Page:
One of the benefits of having lived so close to the edge for so long is that I don’t take a damn thing for granted. I know what it’s like to be facing losing (and then actually losing) my home. I know what it’s like to lose a loved one to addiction, to parent alone, to be afraid, to be facing homelessness, to be dependent on the charity of others. I know the sting and humiliation of throwing my lot at the mercy of an overworked DSHS caseworker in hopes of receiving aid. I know what it feels like to have our names on paper ornaments on the Giving Christmas Tree, where a “Boy, Age 8” would like some Legos and a coat. I know well the spaces inhabiting our periphery, the margins of our lives, where we all hope to never go, and where hope is all you’ve got if you get there.
So when people talk about the state of the world, of the decay of society- it baffles me. The talking points and even the themes I hear sometimes at church and from the news networks just don’t fit with my lived experience. Contrary to the obtuse bloviating of pundits and doomsayers, I don’t see the hand-basket to hell overflowing- as a matter of fact, I think it’s nearly empty.
Whichever direction you face, you can see people doing good in the world. It would be hard to look past the good being done, it is so pervasive.
In my own life, despite the challenges and sometimes near catastrophic consequences of agency, there were mechanisms and safety nets and hands outstretched waiting to help. I lost my home, but I was able to uncouple myself legally to protect myself and my kids. My children’s father was swallowed by addiction, but there were laws, judges and courts to assure my children were protected AND that their father was protected- from himself and from doing further damage. Addiction is a nasty beast slouching around the land, but there are programs and therapies dedicated everywhere to slaying him. Yes, I was suddenly impoverished and without any child support and no hope of receiving any- but there were welfare programs in place for people just like me. Yes, it was hard to navigate some of it, and it’s difficult to prove qualification- but there are people who dedicate their lives to protecting the poor and needy, and do so without great financial gain themselves. I couldn’t provide gifts for children at the holidays, but how wonderful there are people who care enough to make sure children like mine are not forgotten. I was able to qualify for low-interest student loans and get an education, so I would be able to remove myself from desperation. Yes, work was required of me, but it was work I could not have done had there not been help available. My pride? Obliterated. But also obliterated was any notion or lingering idea that the blessings of any life were somehow owed or earned. “There but for the grace of God go I” is more than an idea.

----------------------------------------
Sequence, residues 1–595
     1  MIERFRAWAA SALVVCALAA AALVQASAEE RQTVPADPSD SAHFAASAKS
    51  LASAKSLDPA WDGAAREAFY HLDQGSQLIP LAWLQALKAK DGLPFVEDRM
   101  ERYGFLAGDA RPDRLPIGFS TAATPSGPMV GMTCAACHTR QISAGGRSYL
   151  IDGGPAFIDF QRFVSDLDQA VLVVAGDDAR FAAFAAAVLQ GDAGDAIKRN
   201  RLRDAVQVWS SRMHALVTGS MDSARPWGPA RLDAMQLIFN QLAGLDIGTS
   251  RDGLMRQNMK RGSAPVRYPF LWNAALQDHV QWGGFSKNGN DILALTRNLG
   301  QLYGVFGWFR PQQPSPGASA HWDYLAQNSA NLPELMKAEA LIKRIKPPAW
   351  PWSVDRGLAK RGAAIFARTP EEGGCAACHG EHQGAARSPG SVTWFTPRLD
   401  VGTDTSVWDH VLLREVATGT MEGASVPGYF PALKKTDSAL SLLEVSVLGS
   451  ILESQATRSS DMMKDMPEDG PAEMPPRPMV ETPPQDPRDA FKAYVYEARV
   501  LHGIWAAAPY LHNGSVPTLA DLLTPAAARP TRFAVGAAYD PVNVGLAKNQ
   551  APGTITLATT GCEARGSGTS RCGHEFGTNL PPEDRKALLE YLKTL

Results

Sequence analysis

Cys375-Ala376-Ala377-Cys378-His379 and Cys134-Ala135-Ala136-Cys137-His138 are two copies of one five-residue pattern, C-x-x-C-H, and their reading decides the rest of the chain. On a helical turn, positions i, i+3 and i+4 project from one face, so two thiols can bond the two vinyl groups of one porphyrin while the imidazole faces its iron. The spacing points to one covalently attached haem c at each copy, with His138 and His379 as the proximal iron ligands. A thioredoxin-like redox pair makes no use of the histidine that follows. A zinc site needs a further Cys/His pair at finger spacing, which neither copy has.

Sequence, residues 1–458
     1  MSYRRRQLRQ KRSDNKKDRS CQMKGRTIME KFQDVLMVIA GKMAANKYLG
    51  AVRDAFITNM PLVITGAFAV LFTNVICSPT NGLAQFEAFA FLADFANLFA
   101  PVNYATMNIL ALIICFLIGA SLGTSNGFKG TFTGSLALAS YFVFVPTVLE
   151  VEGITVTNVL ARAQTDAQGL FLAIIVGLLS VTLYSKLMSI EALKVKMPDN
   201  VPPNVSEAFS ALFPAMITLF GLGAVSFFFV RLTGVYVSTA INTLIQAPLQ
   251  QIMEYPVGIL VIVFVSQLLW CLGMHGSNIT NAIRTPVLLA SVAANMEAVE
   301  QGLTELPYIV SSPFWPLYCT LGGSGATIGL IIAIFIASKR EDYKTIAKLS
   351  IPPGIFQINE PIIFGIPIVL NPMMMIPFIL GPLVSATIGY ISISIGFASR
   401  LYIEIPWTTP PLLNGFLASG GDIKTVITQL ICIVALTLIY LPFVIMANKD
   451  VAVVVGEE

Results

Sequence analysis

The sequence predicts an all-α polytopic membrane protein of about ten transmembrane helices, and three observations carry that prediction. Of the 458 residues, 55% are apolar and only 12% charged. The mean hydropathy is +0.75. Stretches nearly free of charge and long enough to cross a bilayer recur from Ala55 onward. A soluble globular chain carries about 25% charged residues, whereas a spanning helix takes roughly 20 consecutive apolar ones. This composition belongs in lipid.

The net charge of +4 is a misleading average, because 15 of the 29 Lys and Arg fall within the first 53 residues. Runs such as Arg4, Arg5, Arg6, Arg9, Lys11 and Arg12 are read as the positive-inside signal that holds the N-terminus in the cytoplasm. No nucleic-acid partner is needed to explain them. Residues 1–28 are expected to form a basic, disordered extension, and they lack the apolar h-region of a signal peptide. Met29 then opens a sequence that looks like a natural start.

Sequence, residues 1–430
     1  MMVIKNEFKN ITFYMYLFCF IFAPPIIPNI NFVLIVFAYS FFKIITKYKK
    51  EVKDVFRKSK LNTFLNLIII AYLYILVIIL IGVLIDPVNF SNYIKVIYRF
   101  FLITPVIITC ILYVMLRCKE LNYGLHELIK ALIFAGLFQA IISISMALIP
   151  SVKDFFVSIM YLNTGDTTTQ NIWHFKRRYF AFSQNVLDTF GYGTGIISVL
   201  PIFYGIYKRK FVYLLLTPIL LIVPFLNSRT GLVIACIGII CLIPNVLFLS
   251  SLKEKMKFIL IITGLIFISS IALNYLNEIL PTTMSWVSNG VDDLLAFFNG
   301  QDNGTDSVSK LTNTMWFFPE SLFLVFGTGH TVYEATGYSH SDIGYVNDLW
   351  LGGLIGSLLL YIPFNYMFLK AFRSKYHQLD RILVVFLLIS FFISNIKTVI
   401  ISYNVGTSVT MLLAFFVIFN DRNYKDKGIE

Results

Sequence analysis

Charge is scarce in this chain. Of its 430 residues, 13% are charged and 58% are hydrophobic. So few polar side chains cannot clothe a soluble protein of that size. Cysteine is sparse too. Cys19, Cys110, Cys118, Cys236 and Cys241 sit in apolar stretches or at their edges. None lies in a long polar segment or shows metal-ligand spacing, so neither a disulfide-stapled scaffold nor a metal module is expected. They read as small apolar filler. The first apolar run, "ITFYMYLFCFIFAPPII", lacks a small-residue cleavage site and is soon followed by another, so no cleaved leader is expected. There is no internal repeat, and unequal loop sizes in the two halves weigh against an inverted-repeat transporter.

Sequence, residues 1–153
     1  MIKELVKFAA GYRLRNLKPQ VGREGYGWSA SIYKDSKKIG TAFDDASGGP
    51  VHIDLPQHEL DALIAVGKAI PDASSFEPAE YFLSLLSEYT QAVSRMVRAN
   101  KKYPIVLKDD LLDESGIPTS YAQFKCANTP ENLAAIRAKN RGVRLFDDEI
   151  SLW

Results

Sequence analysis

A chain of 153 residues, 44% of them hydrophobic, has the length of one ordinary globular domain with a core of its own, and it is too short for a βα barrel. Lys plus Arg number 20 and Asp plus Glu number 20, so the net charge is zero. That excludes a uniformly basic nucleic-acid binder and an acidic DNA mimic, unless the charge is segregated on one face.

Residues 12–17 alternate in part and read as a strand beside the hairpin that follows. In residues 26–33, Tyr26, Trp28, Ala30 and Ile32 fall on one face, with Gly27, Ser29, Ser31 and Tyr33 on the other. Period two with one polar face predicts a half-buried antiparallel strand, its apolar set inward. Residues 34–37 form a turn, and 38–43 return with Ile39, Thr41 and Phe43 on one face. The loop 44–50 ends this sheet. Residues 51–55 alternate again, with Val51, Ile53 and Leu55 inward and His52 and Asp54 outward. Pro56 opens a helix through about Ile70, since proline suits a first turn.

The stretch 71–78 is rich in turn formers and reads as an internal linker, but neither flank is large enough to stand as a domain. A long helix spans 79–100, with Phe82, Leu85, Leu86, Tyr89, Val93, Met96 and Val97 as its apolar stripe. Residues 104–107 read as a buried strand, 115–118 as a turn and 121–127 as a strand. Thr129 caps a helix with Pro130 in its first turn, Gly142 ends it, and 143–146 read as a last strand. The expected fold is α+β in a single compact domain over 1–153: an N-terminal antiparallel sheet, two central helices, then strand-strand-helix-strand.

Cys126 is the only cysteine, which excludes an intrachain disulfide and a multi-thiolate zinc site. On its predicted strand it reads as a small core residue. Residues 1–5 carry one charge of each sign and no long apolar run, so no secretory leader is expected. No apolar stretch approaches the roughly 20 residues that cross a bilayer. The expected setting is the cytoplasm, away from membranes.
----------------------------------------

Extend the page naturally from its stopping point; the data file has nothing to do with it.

Pulling back from my personal experience, I see these acts of good expanding, like a beautiful fractal, in the world at large. There are people working all over the world to help and aid the disadvantaged, whether it’s engineering systems of waste disposal in Central America, or digging wells in African villages in so families can have potable water. There are programs everywhere, addressing every corner of need. NGO’s work to increase access to education for girls in central Asia. There are micro lending programs to help women start small businesses in order to support their families. Homeless shelters and rehabilitation programs can be found in every urban area. Organizations provide malarial nets to curb the devastating effects of mosquito born illnesses. Children with disabilities who were once written off as expendable now receive therapy and IEP’s and attend classrooms where their needs are not only met, but their lives are expanded and they contribute to the world. Cargo ships and airlifts of food, medication, and aid workers pour into areas devastated by natural disasters. Doctors, nurses and other healthcare workers dot the globe working to vaccinate and eradicate childhood diseases and mortality.
It doesn’t matter if this feels inadequate- to quote Mother Teresa of Calcutta, “What we do is nothing but a drop in the ocean, but if we didn’t do it, the ocean would be one drop less than it is.” We are imperfect, and there is grace in our imperfection.
People care. People are willing to extend themselves perhaps more so and with better results than at any time in history. It wasn’t so long ago that the poor were considered expendable. Children were sent to work in coal mines or worse, women could be legally beaten by their spouses and couldn’t vote or get an education, and human beings could be bought and sold as property. These things are, of course, still happening in pockets of the globe- but human consciousness and concern is eroding those spaces, like water over stone. I submit that we are more aware of the plight and pain of our brothers and sisters, and willing to do something about it, than at any time in human history.
There is more to do. Ever so. The work will never be done- but I find awe and beauty in the actual actions of so many of my fellow humans, willing to leave their comfort zones and challenge their assumptions, and to roll up their sleeves and get to the real work of a life worth living.